It’s Medicare Open Enrollment
time again: Now through December 7, all seniors who have a Medicare health or prescription drug plan can make changes to those plans. Even if you’re happy with your current coverage, it’s worth taking a look at alternatives. You just might find something that’s a better fit for your budget or your healthcare needs.
While there are a host of factors to consider, one of the most important questions you can ask yourself is this: Will my needs be better met with Original Medicare or with a Medicare Advantage Plan?
It’s easy to confuse the two programs, but they differ in critical ways. Here are some points to consider.
- Original Medicare is provided directly through Medicare and includes Part A (hospital insurance) and Part B (medical insurance). Most people pay nothing for Part A; there is usually a monthly premium for Part B.
- Medicare Advantage Plans (also called Part C) include both Part A and Part B coverage, but that coverage is provided through private insurance companies approved by Medicare. You still have to pay your Part B premium to Medicare, and the insurance company may charge an additional monthly premium, too. In addition, the plans generally charge co-payments and co-insurance fees for services. If your coverage is provided by Humana, SummaCare, Aetna or any other insurance company, you do NOT have original Medicare; you have a Medicare Advantage Plan.
- Original Medicare allows you to get medical services through any doctor, hospital or other provider that accepts Medicare. Your coverage extends throughout the United States, regardless of where you lived when you originally signed up.
- Most Medicare Advantage Plans act like HMOs. They restrict your choice and require you to use doctors, hospitals or other providers that are in your plan’s network. If you decide to go outside the network, you may have to pay more ― or even the entire cost ― of service.
- While many Medicare Advantage Plans “sweeten the pot” by including prescription drug coverage and extra benefits like gym memberships and free taxi rides to doctors’ appointments, it’s important to consider this: Federal officials “have repeatedly criticized, and in many cases penalized, these types of plans for serious deficiencies, including the improper rejection of claims for medical services and unjustified limits on coverage of prescription drugs” (S. Finds Many Failures in Medicare Health Plans, The New York Times, October 12, 2014). In that same article, former Medicare official and insurance company consultant John K. Gorman is quoted as saying, “It’s unforgivable that so many Medicare Advantage plans are still struggling with basic compliance issues.”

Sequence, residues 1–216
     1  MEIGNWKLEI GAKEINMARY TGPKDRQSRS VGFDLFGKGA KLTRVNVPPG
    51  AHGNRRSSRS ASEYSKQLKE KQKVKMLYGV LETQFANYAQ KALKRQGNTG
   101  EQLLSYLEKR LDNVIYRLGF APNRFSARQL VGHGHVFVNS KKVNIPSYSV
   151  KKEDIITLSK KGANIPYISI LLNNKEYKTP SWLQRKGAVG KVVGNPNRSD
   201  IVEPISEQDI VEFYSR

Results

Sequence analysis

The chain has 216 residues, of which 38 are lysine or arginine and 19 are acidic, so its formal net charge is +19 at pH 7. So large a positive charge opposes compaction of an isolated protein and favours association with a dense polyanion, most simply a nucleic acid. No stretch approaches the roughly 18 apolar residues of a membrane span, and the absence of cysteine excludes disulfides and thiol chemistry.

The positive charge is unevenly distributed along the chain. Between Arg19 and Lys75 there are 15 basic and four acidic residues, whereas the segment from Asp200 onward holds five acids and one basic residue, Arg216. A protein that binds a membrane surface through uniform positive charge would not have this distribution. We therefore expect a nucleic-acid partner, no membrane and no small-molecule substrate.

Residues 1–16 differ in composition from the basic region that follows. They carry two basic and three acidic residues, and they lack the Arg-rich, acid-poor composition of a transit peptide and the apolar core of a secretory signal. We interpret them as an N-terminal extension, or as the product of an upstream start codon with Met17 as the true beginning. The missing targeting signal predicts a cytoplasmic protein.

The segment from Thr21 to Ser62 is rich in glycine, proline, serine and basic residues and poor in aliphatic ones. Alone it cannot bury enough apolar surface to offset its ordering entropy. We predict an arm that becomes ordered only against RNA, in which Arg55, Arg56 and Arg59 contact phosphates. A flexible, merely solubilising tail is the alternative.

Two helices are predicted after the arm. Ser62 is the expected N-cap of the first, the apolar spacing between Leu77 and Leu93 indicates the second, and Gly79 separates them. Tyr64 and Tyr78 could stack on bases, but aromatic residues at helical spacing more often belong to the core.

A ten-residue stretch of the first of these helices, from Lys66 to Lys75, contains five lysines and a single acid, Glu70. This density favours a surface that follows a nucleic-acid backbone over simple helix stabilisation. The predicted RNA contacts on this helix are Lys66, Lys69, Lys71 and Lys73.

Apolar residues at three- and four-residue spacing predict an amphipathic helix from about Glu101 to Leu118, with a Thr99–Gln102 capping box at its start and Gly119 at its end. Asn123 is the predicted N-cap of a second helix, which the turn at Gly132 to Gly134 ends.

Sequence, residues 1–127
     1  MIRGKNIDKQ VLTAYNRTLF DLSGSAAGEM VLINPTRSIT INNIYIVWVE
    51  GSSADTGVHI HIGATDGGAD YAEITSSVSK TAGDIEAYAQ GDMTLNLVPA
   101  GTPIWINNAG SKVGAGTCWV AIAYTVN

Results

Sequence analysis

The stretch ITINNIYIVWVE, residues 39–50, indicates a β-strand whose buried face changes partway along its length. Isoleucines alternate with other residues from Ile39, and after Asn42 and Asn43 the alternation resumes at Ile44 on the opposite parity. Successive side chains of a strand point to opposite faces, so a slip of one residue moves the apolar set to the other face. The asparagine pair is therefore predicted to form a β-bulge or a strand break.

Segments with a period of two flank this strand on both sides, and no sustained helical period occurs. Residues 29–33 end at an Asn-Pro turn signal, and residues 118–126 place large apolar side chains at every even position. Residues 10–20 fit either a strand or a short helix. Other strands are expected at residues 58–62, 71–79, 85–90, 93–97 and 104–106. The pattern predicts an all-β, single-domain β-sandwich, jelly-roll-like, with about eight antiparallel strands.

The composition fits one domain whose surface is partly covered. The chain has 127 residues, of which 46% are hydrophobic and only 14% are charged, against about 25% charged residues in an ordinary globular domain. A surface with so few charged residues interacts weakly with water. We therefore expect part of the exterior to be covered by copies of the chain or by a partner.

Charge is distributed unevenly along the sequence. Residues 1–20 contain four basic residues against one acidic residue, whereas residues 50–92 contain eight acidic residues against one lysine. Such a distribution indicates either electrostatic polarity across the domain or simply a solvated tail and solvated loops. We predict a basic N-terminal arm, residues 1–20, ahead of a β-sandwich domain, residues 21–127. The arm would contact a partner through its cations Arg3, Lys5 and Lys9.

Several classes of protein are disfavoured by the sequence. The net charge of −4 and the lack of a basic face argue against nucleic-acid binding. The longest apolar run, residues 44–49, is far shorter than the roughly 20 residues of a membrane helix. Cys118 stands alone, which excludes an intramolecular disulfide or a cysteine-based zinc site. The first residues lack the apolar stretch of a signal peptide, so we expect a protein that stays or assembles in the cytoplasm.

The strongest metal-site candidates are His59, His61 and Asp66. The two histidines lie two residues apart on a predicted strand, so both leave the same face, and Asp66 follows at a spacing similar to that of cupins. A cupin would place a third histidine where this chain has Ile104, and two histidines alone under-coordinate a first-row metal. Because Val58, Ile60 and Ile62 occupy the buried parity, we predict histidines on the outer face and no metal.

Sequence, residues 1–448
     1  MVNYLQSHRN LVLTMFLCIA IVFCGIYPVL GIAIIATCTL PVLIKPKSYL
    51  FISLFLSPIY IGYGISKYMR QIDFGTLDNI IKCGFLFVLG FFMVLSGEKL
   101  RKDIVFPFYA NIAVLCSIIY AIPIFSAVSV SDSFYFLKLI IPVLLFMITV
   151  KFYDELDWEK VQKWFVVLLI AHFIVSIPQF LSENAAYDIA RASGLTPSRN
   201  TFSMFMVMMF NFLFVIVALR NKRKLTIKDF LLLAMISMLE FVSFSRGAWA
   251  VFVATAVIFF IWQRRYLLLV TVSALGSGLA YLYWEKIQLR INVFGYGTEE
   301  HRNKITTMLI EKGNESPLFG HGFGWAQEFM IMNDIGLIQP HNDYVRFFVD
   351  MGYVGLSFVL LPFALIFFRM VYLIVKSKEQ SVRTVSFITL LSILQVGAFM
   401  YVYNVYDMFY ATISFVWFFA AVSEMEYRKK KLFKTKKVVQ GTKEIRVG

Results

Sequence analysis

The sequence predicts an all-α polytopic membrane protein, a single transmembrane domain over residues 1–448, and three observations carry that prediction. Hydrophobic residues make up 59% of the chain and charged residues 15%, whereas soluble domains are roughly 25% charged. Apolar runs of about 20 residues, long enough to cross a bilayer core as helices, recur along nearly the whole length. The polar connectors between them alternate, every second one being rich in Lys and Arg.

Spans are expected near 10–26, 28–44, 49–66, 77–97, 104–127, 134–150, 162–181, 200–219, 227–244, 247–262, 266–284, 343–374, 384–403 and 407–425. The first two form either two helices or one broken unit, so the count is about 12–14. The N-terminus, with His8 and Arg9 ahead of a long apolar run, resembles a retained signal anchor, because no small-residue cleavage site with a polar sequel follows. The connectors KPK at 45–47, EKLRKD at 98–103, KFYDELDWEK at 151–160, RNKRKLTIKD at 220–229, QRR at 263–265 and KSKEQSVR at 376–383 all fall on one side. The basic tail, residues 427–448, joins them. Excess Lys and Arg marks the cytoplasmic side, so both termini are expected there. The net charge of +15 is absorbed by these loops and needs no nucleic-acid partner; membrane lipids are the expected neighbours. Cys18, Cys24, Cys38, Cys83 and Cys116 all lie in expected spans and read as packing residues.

- Because original Medicare (Parts A and B) pays only about 80 percent of covered costs, many enrollees find it helpful to buy “Medigap,” or a Medicare Supplemental policy, through a private insurer to cover the remaining 20 percent. There is a monthly premium for this coverage, in addition to the Part B premium. Like original Medicare, this supplemental policy provides coverage throughout the U.S. from any provider who accepts Medicare. Part D coverage, for prescription costs, can also be purchased separately.
So how do you decide? Each person’s answer is different. But remember this:
If you currently have a Medicare Advantage Plan, and your favorite doctors, hospitals or care providers are NOT part of it, Open Enrollment is your chance to switch.
No matter what type of coverage you have, it can pay to shop around. A new plan may save you money, cover your drugs and let you go to the doctor, pharmacy or hospital you prefer. Now through December 7, you can use Medicare’s plan finder to see what other plans are offered in your area.
For more information, you can call 1-800-MEDICARE (1-800-633-4227), and say “Agent.” TTY users should call 1-877-486-2048. Help is available 24 hours a day, including weekends. You can also visit a local State Health Insurance Assistance Program (SHIP) counselor. SHIP counselors provide free, one-on-one, non-biased Medicare assistance. Get free personalized health insurance counseling by calling your SHIP offices. To get the phone number, visit Medicare.gov/contacts, or call 1-800-MEDICARE.